Diabetes and foot disease

Introduction

Diabetes is a disease where the body cannot produce insulin or cannot use it effectively. Insulin is the hormone that is responsible for helping the cells take in sugar to use for energy. When this does not happen properly, the levels of sugar in the blood can become too high. Prolonged periods of high sugar levels in the blood can wreak havoc on many areas of the body, including the feet.

Diabetes is a chronic condition that can cause a number of serious complications. Problems with the feet are one of the most common. Foot ulceration in diabetes mellitus is common. Foot problems remain the commonest cause of hospital admission amongst patients with diabetes in Western countries. The lifetime risk of a patient with diabetes developing an ulcer is 25%, and up to 85% of all lower limb amputations in diabetes are preceded by foot ulcers. As many as 50% of older patients with type 2 diabetes have risk factors for foot problems and regular screening by careful clinical examination is essential; those found to be at risk should attend more regular follow-up together with education in foot self-care.

The key to management of diabetic neuropathic foot ulceration is aggressive debridement with removal of callus and dead tissue, followed by application of some form of the cast to offload the ulcer area. Most ulcers will heal if pressure is removed from the ulcer site if the arterial circulation is sufficient and if the infection is managed and treated aggressively. Any patient with a warm swollen foot without ulceration should be presumed to have acute Charcot neuroarthropathy (CN) until proven otherwise. The optimal approach to reducing ulceration requires regular screening, patient education and a team approach to management, both in the community and in hospital.

What are Diabetic foot problems?

People with diabetes are prone to foot problems caused by prolonged periods of high blood sugar. There are two main foot problems, each of which can have serious complications. Both type 1 and type 2 diabetes cause damage to blood vessels and peripheral nerves that can result in problems in the legs and feet. Two main conditions, 1) peripheral artery disease (PAD), and 2) peripheral neuropathy are responsible for the increased risk of foot problems in people with diabetes.

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Diabetes also can lower the amount of blood flow in your feet. Not having enough blood flowing to your legs and feet can make it hard for a sore or an infection to heal. Sometimes, a bad infection never heals. The infection might lead to gangrene.

Gangrene and foot ulcers that do not get better with treatment can lead to an amputation of your toe, foot, or part of your leg. A surgeon may perform an amputation to prevent a bad infection from spreading to the rest of your body, and to save your life. Good foot care is very important to prevent serious infections and gangrene.

What can you do to keep your feet healthy?

Some diabetes foot-related problems can be prevented by taking careful steps to observe and care for your feet. Keeping blood sugar levels under control (in the ranges advised by your doctor), and following your recommended diet and exercise program are the best way to prevent all complications of diabetes, including foot problems.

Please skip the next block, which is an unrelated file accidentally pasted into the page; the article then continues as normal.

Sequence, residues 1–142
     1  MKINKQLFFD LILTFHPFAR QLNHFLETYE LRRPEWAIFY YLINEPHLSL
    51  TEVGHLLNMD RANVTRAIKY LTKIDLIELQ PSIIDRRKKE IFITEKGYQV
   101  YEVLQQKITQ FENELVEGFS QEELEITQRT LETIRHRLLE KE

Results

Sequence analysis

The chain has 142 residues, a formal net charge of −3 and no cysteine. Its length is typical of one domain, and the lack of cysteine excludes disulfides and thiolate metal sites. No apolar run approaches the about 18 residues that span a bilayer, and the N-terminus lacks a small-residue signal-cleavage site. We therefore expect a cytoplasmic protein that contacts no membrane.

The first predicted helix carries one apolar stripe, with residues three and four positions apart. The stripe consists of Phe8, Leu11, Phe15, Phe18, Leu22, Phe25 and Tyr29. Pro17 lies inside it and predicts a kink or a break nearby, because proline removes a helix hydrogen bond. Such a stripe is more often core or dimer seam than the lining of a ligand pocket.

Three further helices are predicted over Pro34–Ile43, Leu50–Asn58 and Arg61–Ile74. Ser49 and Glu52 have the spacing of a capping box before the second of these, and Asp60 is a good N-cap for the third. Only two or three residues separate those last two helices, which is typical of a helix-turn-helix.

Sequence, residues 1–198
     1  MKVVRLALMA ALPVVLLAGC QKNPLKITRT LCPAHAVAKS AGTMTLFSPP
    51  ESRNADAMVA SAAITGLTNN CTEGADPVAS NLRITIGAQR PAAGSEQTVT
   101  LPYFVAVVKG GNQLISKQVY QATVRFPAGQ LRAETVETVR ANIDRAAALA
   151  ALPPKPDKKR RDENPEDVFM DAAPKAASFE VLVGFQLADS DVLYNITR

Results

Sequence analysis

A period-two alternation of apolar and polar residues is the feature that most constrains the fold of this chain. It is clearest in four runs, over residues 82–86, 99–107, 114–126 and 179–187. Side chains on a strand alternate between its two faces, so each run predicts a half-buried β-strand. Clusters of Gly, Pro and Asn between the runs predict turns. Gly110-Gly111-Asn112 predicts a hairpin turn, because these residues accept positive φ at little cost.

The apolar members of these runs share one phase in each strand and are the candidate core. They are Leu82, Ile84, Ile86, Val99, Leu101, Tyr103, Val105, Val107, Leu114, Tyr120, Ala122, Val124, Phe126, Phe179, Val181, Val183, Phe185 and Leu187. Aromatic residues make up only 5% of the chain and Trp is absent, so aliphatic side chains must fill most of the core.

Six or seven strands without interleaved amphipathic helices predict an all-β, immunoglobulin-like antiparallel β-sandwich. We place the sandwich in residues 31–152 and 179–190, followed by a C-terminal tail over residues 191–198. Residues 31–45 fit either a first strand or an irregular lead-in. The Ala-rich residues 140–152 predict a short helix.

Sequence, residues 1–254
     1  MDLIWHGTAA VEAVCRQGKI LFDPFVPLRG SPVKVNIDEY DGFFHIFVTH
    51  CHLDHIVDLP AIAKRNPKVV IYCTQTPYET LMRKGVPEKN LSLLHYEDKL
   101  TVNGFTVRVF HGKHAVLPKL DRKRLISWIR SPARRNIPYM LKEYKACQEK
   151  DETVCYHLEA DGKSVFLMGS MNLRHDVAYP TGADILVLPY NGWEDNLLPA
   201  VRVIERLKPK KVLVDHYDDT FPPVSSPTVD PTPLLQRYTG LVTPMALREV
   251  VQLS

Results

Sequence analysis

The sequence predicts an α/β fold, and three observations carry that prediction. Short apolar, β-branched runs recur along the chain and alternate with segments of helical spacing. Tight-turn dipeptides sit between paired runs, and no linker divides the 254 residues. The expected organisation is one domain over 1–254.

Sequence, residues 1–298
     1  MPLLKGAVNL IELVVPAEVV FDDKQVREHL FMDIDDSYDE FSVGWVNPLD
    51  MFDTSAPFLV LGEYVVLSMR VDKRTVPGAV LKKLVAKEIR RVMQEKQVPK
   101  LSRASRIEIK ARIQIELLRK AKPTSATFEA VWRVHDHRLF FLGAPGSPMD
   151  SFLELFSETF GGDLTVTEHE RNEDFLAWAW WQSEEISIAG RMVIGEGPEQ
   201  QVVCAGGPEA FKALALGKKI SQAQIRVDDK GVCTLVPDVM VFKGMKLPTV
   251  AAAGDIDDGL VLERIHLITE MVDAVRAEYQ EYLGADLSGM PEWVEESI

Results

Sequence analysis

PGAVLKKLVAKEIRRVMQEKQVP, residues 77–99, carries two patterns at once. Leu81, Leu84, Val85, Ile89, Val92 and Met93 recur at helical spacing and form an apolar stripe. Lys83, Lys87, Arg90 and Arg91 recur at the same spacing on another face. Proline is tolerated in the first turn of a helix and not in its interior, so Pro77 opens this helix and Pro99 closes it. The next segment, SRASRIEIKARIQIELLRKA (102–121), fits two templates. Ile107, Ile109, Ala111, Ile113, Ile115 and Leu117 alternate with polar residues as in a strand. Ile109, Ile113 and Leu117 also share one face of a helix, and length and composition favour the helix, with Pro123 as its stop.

In addition to keeping your diabetes under control, you can take steps to care for your feet, including the following:-

  • Wash your feet every day

foot disease

  • Smooth corns and calluses gently
  • Trim your toenails straight across
  • Wear shoes and socks at all times
  • Protect your feet from hot and cold
  • Keep the blood flowing to your feet
  • Get a foot check at every health care visit

Causes of Diabetic Foot Problems

Several risk factors increase a person with diabetes chances of developing foot problems and diabetic infections in the legs and feet.

 

  • Footwear –

 

Poorly fitting shoes are a common cause of diabetic foot problems.

 

  • Nerve damage –

 

People with long-standing or poorly controlled diabetes are at risk for having damage to the nerves in their feet. The medical term for this is peripheral neuropathy.

  • Poor circulation –

Especially when poorly controlled, diabetes can lead to accelerated hardening of the arteries or atherosclerosis. When blood flow to injured tissues is poor, healing does not occur properly.

  • Trauma to the foot –

Any trauma to the foot can increase the risk for a more serious problem to develop.

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foot disease

 

  • Infections

  • Smoking –

 

Smoking any form of tobacco causes damage to the small blood vessels in the feet and legs. This damage can disrupt the healing process and is a major risk factor for infections and amputations. The importance of smoking cessation cannot be overemphasized.

Conclusion

Diabetic foot problems also include bunions, corns, calluses, hammertoes, fungal infections, dryness of the skin, and ingrown toenails. These problems are not specific to diabetes, but may occur more commonly due to the nerve and vascular damage caused by diabetes. Treatment depends on the exact type of foot problem. Surgery or even amputation may be required for some cases. A number of different kinds of foot problems can occur in people with diabetes. Symptoms and signs of diabetic foot problems arise due to the decreased sensation from nerve damage as well as the lack of oxygen delivery to the feet caused by vascular disease.

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